A FEW days ago I visited a business near my office on the Staffordshire Technology Park. Founded in 2005, they now employ 80 people. The owners have just invested heavily so that they can expand and take on more staff.
This is one local indication of how the economy is continuing to recover and doing so faster than forecast. GDP is forecast to grow by 2.7% in 2014, faster than the US, Germany or France. Government borrowing is predicted to fall to 5.5% of GDP this year, and then to 0.8% by 2017-18. We can compare this to 2009/10 when the UK’s borrowing was 11% of GDP, similar to that of Greece.
However as the Chancellor said in his budget speech, there is still a great deal more to do. As a country we still do not invest, export or save enough.
Exports are critical to our economy. We still run a large trade deficit. So direct export finance has been doubled and the interest rates on the lending scheme cut. To encourage business investment, the investment allowance has been doubled to £500,000.
Fuel costs and energy are increasingly significant for both homes and businesses. Therefore the planned fuel duty rise has been scrapped and other measures taken to keep energy prices down.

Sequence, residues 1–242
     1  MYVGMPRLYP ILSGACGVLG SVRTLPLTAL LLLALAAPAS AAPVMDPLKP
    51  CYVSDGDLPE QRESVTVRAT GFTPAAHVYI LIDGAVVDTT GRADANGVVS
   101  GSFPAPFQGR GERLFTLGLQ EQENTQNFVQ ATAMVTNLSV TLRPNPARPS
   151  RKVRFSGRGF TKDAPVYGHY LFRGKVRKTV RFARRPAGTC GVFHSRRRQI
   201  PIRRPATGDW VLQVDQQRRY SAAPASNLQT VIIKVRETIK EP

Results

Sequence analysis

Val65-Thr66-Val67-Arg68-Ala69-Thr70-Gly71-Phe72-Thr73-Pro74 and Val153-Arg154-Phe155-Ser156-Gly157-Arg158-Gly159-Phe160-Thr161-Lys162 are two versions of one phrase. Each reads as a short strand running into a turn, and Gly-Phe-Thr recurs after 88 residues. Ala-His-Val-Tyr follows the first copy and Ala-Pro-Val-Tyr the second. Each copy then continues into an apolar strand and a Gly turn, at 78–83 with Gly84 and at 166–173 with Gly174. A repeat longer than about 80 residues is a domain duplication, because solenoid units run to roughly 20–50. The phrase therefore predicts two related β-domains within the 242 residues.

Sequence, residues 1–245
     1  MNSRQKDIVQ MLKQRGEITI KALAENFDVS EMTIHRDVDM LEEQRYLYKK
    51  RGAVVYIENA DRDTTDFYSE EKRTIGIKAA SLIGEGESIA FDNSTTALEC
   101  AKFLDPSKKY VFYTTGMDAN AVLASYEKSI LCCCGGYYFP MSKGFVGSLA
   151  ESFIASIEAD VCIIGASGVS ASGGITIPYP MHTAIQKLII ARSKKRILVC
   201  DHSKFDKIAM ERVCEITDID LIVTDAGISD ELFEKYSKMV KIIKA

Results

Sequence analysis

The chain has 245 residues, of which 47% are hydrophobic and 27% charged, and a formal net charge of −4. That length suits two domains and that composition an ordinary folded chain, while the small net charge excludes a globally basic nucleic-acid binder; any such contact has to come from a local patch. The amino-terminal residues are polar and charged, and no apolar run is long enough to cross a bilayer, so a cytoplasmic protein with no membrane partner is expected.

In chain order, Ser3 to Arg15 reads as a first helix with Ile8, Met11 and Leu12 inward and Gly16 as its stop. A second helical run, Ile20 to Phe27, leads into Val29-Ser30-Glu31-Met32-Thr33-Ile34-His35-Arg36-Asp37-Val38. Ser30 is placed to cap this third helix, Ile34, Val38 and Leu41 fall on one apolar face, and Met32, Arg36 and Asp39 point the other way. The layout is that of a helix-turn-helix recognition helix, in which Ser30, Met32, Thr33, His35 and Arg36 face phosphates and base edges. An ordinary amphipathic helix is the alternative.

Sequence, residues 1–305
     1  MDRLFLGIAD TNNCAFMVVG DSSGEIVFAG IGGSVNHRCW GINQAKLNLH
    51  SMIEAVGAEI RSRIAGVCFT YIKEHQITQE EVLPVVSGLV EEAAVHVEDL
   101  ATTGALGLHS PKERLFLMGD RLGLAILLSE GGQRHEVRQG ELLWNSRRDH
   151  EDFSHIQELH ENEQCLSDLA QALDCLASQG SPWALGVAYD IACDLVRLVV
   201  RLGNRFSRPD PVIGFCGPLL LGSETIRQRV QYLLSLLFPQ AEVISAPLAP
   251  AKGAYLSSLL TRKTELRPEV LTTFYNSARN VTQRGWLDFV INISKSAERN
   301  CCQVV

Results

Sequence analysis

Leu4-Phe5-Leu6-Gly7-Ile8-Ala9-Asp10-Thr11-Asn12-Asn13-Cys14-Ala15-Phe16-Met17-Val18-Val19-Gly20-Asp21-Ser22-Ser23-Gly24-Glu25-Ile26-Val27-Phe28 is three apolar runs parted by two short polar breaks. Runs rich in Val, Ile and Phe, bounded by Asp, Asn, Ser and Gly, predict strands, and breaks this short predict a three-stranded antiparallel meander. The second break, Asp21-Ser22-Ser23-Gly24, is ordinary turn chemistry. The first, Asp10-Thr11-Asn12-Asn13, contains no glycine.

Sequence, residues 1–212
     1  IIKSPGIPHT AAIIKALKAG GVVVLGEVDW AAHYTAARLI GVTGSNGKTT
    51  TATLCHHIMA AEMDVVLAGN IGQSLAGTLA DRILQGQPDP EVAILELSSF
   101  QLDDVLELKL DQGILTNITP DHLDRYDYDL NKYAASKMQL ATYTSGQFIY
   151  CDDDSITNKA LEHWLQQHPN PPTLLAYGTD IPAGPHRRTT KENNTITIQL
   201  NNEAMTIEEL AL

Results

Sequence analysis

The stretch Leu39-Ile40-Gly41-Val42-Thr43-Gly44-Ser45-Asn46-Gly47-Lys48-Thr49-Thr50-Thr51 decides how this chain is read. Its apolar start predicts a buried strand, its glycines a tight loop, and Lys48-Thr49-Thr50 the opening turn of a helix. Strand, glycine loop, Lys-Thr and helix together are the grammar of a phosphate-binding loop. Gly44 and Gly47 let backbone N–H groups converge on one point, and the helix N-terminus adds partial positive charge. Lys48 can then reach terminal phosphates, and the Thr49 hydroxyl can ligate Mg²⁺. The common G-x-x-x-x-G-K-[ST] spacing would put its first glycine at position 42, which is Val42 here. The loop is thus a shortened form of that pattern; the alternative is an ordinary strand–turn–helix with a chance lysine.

The cost of employing staff has been cut through a £2,000 annual reduction in National Insurance for every employer.
The UK has one of the lowest savings rates in Europe. To encourage us to save more, the tax-free limit for ISA’s has been raised to £15,000; and pensioners will no longer have to buy an annuity – giving them more freedom on how to use their pension pots. At the same time, the raising of the personal tax allowance to £10,000 this year and £10,500 in 2015/6 will benefit more than 20 million taxpayers, helping to increase take-home pay.
Of course, there can be no room for complacency, but the good news is that the UK is making sound progress economically.
I would also like to take this opportunity to wish you and your families a very Happy Easter.